by Dan Christensen, Tudor Collegiate Strategies
Getting recruits to talk and give good feedback.
This is one of the most difficult parts of recruiting, yet it is essential to an effective recruiting strategy.
Sometimes the reason coaches think this is a struggle is due to “this generation of athletes.” Could there be a generational commonality in current recruits that makes it harder to engage with them? Possibly.
But, I think the bigger problem is that coaches struggle to ask effective questions!
The ability to ask great questions will allow a coach to engage better with prospects. It will allow for phone conversations that are not always dominated by the coach. This ability will allow a coach to get answers they need to move the process along and get that recruit to a decision sooner.
So how can coaches make sure they are asking great questions? Here are two things to keep in mind:
1) Keep questions open-ended
There are certainly times a coach might be looking for a simple “yes” or “no” answer. But, when it comes to engaging with recruits in order to get to know them better and help the coach know how to best recruit that athlete, “yes” or “no” answers do not help much.
What does this look like?
Here is an example of the difference between an open-ended and closed question:
Closed question: “Sarah, are you open to going to school on the other side of the country?”
Open-ended question: “Sarah, what excites you about the idea of going to school on the other side of the country?”
The first question might get a “yes” which will be a positive for this coach assuming they are maybe an east school and Sarah lives in California. But, does Sarah really mean it? Or is she just saying what the coach wants to hear? It is really easy for her to just say “yes” to this question.
The second question actually gets Sarah to verbalize her thoughts on the situation. If she can give some really specific things that she is excited about, that is a great sign! If she struggles to think of anything positive to say, it could be a red flag that she really isn’t interested in going to school across the country. The open-ended question gets that feedback while the closed question does not.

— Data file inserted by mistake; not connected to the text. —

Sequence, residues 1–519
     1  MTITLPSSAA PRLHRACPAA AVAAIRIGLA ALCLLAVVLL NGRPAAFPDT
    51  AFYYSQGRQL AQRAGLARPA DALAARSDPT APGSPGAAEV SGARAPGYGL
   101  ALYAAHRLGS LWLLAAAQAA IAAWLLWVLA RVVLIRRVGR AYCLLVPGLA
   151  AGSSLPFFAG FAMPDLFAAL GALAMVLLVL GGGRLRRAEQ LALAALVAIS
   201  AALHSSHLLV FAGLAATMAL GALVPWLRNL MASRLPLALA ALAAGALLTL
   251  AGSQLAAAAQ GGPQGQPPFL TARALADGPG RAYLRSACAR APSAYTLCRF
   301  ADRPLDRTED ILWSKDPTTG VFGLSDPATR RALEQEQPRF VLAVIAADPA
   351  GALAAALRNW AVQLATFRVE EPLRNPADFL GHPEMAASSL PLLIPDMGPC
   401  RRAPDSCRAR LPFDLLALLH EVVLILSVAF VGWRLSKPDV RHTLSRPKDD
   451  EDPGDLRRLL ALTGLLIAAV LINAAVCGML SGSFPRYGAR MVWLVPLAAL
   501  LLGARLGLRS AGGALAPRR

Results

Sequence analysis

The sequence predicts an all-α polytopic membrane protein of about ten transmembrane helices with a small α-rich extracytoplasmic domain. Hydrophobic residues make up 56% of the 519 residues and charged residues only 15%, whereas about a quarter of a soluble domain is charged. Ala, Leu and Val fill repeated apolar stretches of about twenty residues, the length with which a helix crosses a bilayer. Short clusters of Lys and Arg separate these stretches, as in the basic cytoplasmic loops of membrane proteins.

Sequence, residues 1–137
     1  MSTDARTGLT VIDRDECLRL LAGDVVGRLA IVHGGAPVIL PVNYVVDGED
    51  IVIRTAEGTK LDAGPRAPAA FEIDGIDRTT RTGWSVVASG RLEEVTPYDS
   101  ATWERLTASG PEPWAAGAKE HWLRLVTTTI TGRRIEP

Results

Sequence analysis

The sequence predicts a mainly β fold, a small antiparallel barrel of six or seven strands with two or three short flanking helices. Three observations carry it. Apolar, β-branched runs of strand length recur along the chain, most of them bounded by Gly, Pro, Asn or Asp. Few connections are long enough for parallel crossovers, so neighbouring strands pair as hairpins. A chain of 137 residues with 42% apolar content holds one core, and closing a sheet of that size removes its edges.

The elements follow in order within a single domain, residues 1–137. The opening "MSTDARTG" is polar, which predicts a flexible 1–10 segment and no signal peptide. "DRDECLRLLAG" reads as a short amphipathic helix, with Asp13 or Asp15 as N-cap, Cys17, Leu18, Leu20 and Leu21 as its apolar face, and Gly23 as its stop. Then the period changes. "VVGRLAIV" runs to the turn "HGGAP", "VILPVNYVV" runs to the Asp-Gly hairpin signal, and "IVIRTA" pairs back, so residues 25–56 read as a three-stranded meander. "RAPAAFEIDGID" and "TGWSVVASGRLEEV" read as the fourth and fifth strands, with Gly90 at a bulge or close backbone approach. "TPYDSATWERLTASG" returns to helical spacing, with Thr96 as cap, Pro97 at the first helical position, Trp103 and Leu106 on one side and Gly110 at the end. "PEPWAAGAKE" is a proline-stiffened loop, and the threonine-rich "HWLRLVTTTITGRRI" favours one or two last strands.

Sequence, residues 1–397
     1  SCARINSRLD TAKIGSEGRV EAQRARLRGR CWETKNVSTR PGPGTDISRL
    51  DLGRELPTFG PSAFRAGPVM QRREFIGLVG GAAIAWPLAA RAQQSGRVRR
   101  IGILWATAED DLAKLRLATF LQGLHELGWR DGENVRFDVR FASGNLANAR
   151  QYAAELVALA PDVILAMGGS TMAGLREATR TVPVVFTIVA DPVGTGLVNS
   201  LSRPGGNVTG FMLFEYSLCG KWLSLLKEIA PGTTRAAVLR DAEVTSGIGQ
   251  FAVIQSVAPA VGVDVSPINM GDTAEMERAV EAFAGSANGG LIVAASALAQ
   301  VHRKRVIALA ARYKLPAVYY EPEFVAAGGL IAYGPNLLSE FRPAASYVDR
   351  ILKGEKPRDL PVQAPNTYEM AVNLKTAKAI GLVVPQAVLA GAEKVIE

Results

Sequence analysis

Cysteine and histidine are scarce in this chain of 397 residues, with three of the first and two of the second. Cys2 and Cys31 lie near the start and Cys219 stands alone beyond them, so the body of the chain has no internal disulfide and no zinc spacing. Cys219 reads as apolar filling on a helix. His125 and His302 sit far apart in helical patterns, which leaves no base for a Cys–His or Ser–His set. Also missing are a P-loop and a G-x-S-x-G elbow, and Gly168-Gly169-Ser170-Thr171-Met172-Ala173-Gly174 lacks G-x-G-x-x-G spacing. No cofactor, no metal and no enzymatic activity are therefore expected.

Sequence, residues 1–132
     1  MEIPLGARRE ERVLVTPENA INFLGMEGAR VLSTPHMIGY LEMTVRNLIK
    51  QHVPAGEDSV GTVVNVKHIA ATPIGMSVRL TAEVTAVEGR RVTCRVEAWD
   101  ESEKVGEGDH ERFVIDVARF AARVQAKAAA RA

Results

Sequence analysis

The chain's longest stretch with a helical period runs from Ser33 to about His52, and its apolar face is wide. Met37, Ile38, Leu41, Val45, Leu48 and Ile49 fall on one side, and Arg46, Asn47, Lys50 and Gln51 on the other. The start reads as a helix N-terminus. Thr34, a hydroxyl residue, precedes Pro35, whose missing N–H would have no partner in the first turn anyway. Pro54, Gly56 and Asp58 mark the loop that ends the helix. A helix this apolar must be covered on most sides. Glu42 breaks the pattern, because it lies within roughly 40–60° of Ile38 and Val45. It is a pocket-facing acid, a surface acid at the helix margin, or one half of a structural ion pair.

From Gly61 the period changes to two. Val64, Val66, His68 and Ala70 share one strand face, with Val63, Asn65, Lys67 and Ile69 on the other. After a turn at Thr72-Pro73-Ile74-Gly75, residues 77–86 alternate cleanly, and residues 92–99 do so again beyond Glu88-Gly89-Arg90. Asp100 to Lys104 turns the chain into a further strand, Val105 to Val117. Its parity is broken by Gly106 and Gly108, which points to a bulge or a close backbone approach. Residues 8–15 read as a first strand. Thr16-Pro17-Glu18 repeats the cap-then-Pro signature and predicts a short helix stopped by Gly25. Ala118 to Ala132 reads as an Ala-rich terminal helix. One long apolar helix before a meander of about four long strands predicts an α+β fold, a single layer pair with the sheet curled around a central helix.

2) Keep questions focused
A focused question is more likely to get a specific answer than a general question. What does this look like?
General question: “Johnny, what are you looking forward to about going to college?”
Focused question: “Johnny, what are you looking forward to most about playing on a college golf team that you feel will be different from high school golf?”
The general question could get a variety of answers, including some very vague ones. A nice safe answer that recruits might give would be “the opportunity to get an education and play at the college level.” This kind of answer gives you nothing if you are a college coach!
But, with the focused question, you’ll get specific feedback about what that recruit is excited about when it comes to competing in college. The way they answer will tell you more about their character, personality, and what you might want to focus on in your recruiting communication.
Coach, when you want recruits to respond to your questions with useful and productive feedback, make sure those questions are open-ended and focused. You’ll start to get your prospects to talk more which helps you get feedback and avoids the common (and boring) phone call where you do all the talking!